Quebec began comparing the hair of the two men. John Lytle's was going quite gray already around the fringes of his balding dome, while Herb used one of those color combs on his. He'd been doing this for some time already. It made him appear to be much younger than his fifty-five years, until you got close. That's when you could see the gray roots underneath, which were nearly impossible to hide with a color comb. The gray showed out from underneath the dark color like a slip showing at the hem of a dress. It almost made Herb look somehow foolish. He could be at once sophisticated, and yet so naive. There it was, she thought: her sophisticated, naive man. Her husband, she realized with a start. Now at last she could say it — her husband!

            At one point during breakfast, Herb raised his coffee cup in a toast, saying,  "Here's to those nights when I'm in Florida. I'm going to miss this little woman." 

            He clinked Quebec's cup with his a little too hard, spilling some coffee.

            "Herb got a new job in Tallahassee," Quebec told John. She began mopping up the spill with a paper napkin, but Herb reached out and stopped her.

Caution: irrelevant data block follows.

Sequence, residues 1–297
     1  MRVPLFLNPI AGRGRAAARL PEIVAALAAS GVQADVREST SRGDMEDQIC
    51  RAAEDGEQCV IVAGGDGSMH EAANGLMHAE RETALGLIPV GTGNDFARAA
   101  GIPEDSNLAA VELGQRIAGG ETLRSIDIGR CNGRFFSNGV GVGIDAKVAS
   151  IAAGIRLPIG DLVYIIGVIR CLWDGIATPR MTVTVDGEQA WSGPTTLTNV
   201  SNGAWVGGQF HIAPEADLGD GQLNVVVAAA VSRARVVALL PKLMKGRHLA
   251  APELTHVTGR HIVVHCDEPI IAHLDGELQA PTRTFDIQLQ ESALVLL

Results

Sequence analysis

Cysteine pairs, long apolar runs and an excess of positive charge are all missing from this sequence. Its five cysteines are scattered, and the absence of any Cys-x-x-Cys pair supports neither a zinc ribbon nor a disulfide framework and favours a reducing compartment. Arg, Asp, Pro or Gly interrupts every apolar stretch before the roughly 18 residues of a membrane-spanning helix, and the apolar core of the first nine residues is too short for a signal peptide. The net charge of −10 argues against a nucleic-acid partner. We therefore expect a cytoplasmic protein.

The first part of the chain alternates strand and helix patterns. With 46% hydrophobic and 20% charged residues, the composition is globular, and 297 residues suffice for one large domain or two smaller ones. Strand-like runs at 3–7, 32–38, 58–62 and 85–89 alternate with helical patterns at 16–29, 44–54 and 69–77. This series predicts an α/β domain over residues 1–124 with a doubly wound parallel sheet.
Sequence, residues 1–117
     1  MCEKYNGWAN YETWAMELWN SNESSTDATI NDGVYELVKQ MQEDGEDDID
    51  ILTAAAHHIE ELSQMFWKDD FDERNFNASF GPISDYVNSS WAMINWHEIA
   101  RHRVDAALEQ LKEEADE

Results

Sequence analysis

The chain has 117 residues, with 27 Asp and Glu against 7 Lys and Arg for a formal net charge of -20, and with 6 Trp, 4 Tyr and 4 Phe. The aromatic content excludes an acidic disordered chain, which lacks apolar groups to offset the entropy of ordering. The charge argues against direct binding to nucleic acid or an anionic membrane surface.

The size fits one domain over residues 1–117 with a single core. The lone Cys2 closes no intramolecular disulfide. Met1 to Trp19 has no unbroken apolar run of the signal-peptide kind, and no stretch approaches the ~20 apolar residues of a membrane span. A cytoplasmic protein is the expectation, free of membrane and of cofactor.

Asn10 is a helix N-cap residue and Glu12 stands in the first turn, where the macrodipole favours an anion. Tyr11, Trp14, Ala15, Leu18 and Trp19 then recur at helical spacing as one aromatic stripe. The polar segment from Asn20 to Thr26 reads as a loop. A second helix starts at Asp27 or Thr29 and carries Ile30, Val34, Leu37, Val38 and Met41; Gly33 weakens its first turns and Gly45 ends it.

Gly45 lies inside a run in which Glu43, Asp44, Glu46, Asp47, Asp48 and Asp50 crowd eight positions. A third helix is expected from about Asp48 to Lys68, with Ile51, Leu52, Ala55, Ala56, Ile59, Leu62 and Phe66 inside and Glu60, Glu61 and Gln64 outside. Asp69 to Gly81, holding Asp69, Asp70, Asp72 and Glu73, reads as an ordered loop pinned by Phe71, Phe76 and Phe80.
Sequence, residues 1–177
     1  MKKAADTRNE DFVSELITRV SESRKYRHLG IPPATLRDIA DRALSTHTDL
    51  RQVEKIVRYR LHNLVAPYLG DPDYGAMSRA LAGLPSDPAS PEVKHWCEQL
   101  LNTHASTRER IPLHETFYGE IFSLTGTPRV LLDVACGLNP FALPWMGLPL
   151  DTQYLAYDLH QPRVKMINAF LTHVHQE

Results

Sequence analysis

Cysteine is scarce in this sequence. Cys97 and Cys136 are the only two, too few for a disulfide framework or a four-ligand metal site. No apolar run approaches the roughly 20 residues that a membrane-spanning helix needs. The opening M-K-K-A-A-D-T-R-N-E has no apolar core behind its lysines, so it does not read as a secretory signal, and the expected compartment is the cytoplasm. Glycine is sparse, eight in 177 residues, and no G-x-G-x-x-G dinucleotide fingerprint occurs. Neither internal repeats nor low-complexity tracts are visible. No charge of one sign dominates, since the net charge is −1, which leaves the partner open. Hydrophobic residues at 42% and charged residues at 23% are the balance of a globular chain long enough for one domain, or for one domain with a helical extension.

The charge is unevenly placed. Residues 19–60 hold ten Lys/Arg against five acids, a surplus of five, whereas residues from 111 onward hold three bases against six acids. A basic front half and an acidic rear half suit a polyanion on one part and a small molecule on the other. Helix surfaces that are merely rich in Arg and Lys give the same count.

"Yes. He told me that, yes," John Lytle said. "That's why we had to rush to get this little piece of business out of the way. Before he was gone for Florida." 

            "Okay, John," Herb said, "so, let's talk about how and when I get paid." 

            "I pay everything right here and now, one hundred percent in advance," the man said. When he said this, he peered out at Quebec as though he were looking out of a dark tunnel.

            Something about this man scared her. Something big leaped inside Quebec's stomach. The whole world flipped over inside. She wondered suddenly if she were on the verge of coming down with the flu.

            "I write you a check for the whole amount," John Lytle said, "how is that? I give it right now to your wife. She can take to the bank. If that's okay. Is that okay with Mrs. Robinson?" 


            "That's perfect," Herb cut in. "Make it out to our names personally, not to the company. This has nothing to do with the company. This is a side business. Just so we understand one another."